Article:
News Analysis: 10 Years After the War in Lebanon, Menace is Back in Different Guise
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News Analysis: 10 Years After the War in Lebanon, Menace is Back in Different Guise

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Ten years after the Israel Defense Force invaded Lebanon, the menace that prompted the Jewish state’s most unpopular war has returned.

It is no longer Yasir Arafat’s Palestine Liberation Organization that threatens Israel’s northern border towns and settlements with Katyusha rocket fire and incursion.

The enemy today is the Shi’ite fundamentalist Hezbollah, a fanatical Islamic organization that acts from nationalist-religious motivations and is just as brutal and just as hostile to Israel as the PLO.

On the eve of the Lebanon war in June 1982, the PLO dominated most of southern Lebanon. It was, in effect, a heavily armed mini-state extending from the Litani River to Beirut, from the Mediterranean coast to Mount Hermon.

But the PLO had been observing a cease-fire agreement with Israel reached in July 1981, through the mediation of the late U.S. diplomat Philip Habib, and there was no “casus belli” compelling Israel to go to war in Lebanon.

While the PLO posed no strategic threat, and its mini-army was certainly no match for the IDF, Israel’s leaders believed that the Jewish state could not live under a potential threat in the north.

The threat was mainly psychological — the worry that Katyusha rockets could at any moment make life unbearable for the inhabitants of Israel’s northern region.

Even a potential threat was not acceptable to Israel, which was determined never to engage in a political dialogue with the PLO.

A pretext for going to war occurred when gunmen severely wounded Israel’s ambassador to Britain, Shlomo Argov, in London on June 3, 1982. Israel retaliated the next day with massive air raids on the PLO in southern Lebanon, soon followed by the full-force invasion by the IDF.

The officially stated goal of the war was swiftly achieved. The PLO’s military infrastructure in Lebanon was utterly destroyed in a few days.

But Israel’s more ambitious agenda was not achieved. It failed to establish a friendly state in Lebanon, ruled by the pro-Israel Christian minority faction it had arduously cultivated and supported. Instead, the country was plunged once more into a deadly civil war.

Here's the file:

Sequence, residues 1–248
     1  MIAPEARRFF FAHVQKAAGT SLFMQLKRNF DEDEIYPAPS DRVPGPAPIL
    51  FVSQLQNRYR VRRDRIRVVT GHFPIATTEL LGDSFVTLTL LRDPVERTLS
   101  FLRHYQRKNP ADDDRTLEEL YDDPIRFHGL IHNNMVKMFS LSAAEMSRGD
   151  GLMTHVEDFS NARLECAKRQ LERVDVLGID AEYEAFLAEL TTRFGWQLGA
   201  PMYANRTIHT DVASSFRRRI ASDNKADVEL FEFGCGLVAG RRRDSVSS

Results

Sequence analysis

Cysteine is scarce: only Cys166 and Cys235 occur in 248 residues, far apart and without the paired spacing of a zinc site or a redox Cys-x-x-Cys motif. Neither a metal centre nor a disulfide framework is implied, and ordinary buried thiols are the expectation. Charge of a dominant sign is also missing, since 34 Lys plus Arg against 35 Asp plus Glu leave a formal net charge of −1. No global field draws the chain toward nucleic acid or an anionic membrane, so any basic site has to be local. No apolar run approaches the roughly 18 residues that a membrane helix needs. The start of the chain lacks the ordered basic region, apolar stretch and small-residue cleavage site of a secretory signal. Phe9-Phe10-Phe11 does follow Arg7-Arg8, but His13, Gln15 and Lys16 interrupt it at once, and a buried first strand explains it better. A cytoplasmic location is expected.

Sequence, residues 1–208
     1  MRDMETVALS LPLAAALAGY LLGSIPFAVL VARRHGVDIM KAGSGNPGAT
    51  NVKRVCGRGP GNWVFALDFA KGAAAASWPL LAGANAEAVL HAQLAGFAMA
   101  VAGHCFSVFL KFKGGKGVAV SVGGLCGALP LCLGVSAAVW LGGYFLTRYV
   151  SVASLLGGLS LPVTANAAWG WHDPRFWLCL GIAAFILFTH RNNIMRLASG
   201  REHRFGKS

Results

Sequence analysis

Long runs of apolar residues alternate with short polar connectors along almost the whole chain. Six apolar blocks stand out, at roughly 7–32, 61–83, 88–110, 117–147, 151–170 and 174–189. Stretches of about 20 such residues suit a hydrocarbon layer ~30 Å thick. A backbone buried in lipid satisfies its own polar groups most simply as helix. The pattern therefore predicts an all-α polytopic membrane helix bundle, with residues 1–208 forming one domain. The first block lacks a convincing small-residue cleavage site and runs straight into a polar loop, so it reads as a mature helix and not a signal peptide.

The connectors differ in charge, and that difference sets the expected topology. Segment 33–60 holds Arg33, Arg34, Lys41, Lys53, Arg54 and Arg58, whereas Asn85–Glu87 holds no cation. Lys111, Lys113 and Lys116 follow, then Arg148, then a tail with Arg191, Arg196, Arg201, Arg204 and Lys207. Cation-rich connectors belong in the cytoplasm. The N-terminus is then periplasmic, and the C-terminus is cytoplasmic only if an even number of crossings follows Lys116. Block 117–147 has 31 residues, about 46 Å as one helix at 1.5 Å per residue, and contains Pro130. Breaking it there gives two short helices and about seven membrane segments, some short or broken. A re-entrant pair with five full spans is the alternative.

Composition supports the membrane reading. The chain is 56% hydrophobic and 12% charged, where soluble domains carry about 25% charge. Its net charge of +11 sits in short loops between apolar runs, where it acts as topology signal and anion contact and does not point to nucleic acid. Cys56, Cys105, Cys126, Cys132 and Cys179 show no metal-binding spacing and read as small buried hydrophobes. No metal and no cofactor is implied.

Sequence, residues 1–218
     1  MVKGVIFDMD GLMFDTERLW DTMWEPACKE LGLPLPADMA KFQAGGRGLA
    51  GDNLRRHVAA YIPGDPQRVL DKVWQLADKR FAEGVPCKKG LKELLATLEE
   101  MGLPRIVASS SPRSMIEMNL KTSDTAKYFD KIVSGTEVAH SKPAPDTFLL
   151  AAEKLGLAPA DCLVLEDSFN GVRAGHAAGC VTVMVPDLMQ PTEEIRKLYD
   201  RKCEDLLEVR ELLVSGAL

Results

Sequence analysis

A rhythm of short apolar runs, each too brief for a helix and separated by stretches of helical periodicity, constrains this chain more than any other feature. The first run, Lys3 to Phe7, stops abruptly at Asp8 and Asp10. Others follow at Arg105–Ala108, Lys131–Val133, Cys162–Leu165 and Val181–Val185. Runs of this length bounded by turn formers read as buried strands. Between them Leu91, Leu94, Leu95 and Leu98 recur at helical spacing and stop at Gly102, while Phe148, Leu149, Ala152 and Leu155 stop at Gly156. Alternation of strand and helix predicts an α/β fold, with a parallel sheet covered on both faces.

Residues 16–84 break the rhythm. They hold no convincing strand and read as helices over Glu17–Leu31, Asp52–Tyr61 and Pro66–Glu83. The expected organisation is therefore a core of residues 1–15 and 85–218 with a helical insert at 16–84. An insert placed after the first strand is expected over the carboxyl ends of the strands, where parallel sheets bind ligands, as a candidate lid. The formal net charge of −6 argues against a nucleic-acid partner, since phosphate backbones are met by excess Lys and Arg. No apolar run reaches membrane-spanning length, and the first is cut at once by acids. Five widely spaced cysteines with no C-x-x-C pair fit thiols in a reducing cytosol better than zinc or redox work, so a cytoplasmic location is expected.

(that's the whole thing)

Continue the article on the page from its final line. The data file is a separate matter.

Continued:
Israel paid dearly to achieve even its limited success — the ouster of the PLO from southern Lebanon. The war cost the IDF about 650 dead and thousands wounded, and was a tremendous drain on the national treasury.

It seriously divided the country. It was the first Israeli war that did not enjoy the support of the overwhelming majority of Israelis.

The tragedy is that for all of the blood and treasure, the northern border is hardly safer today than it was 10 years ago.

Israel’s avowed enemy, Syria, has replaced the PLO as the main military force in Lebanon, and it is a much larger and more powerful force than the PLO ever could be.

Terrorist activity has been taken over by the Iranian-backed Hezbollah.

Before Israel’s final withdrawal from Lebanon in 1985, there was a dispute in the IDF’s high command over how best to ensure calm on the border.

Ehud Barak, head of military intelligence at the time, proposed that Israel withdraw behind its international boundary with Lebanon and keep only minimally involved in that country’s affairs.

But the chief of staff at the time, Lt. Gen. Moshe Levy, and Maj. Gen. Ori Orr, then commander of the northern sector, wanted a broad security zone on the Lebanese side of the border to serve as a buffer and a corridor for IDF troops.

Barak, on the other hand, wanted to avoid a further rift with the Shi’ite population in southern Lebanon, which had been considered neutral toward the Israeli-Palestinian conflict. He understood that Israel’s continued presence on Lebanese soil would only create a new enemy.

And the general, who is now IDF chief of staff, turned out to be right.


Having wiped out the PLO mini-state, Israel is confronted with new forces in Lebanon, this time composed of the local population, which is just as hostile as the PLO.

Ten years after the war, the Hezbollah militia has become Israel’s worst enemy in the north. It gets its orders directly from Teheran. Although the Syrians, who are in de facto control of Lebanon, are quite capable of restraining Hezbollah, they have no interest in doing so at the present time.

After all, Damascus says, “the people of southern Lebanon have a legitimate right to remove the occupiers.”

The Syrians are using Lebanon as bait for Israel. Once the peace talks resume after the Israeli elections, Damascus is expected to offer a deal: peace and security along Israel’s northern border as partial payment for Israel’s withdrawal from the Golan Heights.

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